The federal government will be releasing mask guidelines for children returning to school amid the novel coronavirus pandemic by the end of the week, chief public health officer Theresa Tam said.
Speaking to reporters on Tuesday, she said the guidelines will recommend face coverings for kids aged 10 and up.
“The recommendations will undergo evolution as the evidence changes and we’ll also have to see what happens as we understand transmission in different age groups and what happens in schools.” said Tam.
“We may have to adapt this recommendation as we go along.”
Tam said “layers of protection” would be needed in order to ensure it would be safe for kids to return to school in the fall, including re-arranging school environments to bolster physical distancing and minimizing physical contact between teachers and students.
“Older children over the age of 10 transmit as well as an adult. Younger kids, even though they transmit at a lower likelihood, they still can transmit,” she said.
“I believe in recommending the safest way to open schools. Masks play a role.”
Tam added that schools “should” recommend wearing masks, simply because they provide an extra layer of protection. She also urged Canadians to avoid stigmatizing or singling out children who choose to wear masks in their own volition.
A spokesperson from the Public Health Agency of Canada told Global News was unable to provide more details on what the guidelines would look like, but said more details would be released by Friday.
The debate on whether kids should be wearing masks in school has been ramping up as summer comes to a close.
A poll released last week by Leger and the Association for Canadian Studies found that out of 1,524 Canadians over age 18 surveyed, almost two-thirds said they believed children returning to school should wear masks at least part of the time.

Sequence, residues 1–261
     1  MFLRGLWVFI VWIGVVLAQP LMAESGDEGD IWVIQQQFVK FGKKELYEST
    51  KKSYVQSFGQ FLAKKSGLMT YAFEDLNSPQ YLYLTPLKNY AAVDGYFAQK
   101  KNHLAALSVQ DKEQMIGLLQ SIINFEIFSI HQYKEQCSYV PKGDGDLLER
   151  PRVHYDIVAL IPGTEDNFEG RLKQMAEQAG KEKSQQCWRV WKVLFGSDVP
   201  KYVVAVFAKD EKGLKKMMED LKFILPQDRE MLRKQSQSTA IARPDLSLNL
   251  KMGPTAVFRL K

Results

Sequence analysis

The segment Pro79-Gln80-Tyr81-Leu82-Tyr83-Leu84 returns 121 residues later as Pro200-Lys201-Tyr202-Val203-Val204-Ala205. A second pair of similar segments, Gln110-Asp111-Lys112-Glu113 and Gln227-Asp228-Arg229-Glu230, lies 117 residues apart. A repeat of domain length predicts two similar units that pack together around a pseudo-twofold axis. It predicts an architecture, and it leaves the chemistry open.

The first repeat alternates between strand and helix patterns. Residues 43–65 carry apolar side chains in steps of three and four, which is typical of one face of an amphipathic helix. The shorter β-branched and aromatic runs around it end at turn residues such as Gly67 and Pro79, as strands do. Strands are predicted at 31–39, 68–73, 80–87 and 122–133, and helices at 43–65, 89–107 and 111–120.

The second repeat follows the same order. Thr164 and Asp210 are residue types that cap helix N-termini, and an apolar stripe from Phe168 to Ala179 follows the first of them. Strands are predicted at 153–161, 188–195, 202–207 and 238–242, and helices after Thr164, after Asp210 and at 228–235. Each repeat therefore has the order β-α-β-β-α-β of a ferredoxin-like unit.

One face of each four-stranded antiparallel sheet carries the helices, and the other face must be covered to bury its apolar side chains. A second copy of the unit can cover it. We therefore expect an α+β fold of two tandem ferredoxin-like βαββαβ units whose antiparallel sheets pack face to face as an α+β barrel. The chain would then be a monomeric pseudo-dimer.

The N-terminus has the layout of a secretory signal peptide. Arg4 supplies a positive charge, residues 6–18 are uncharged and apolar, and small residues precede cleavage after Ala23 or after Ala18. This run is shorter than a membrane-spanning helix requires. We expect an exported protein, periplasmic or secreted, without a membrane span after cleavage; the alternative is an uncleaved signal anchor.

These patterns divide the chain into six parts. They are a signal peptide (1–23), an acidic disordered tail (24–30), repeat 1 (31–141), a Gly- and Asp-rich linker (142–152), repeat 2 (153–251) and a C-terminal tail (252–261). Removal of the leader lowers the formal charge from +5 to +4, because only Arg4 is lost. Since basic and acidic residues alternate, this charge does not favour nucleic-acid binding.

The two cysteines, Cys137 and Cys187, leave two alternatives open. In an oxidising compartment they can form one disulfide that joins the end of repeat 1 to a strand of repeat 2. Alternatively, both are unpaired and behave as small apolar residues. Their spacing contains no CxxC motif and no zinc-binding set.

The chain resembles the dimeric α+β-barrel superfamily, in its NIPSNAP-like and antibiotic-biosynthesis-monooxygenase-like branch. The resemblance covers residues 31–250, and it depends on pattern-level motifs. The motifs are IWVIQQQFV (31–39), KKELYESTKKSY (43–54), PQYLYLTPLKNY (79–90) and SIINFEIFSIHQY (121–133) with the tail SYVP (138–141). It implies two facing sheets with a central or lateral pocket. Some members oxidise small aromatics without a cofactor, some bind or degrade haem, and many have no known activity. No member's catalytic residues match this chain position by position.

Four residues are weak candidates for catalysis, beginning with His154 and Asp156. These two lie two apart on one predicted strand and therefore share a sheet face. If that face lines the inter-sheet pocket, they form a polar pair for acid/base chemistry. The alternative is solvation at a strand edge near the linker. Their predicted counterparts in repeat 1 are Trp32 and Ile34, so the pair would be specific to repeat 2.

In Alberta, students in grades four to 12 will be required to wear masks in hallways and shared spaces — but not in classes that were proportionately sized.
The province’s education minister, Adriana LaGrange, said Tuesday the province would distribute roughly 1.6 million masks to 740,000 students and 90,000 staff in the fall and supply 466,000 litres of hand sanitizer to schools.
On Thursday, Ontario announced its back-to-school plan, drawing both criticism and praise from educators who claimed the province’s standard class sizes would make it difficult for kids to remain physically distant.
“One of the challenges we have in the elementary school panel (is) that our classes are big,” Craig Smith, president of the Elementary Teachers Federation of Ontario (ETFO) Thames Valley, said in a previous interview with Global News.
“The anxiety (is) we have kindergarten classes that hover around 30 students, primary classes can jump up to about 23 kids, junior grades, 28 to 29, and our intermediate classes, anywhere from 30 to 35 kids.”
Come September, the province will require students in grades 4 to 12 to wear masks, as well as provide medical masks for teachers and staff.
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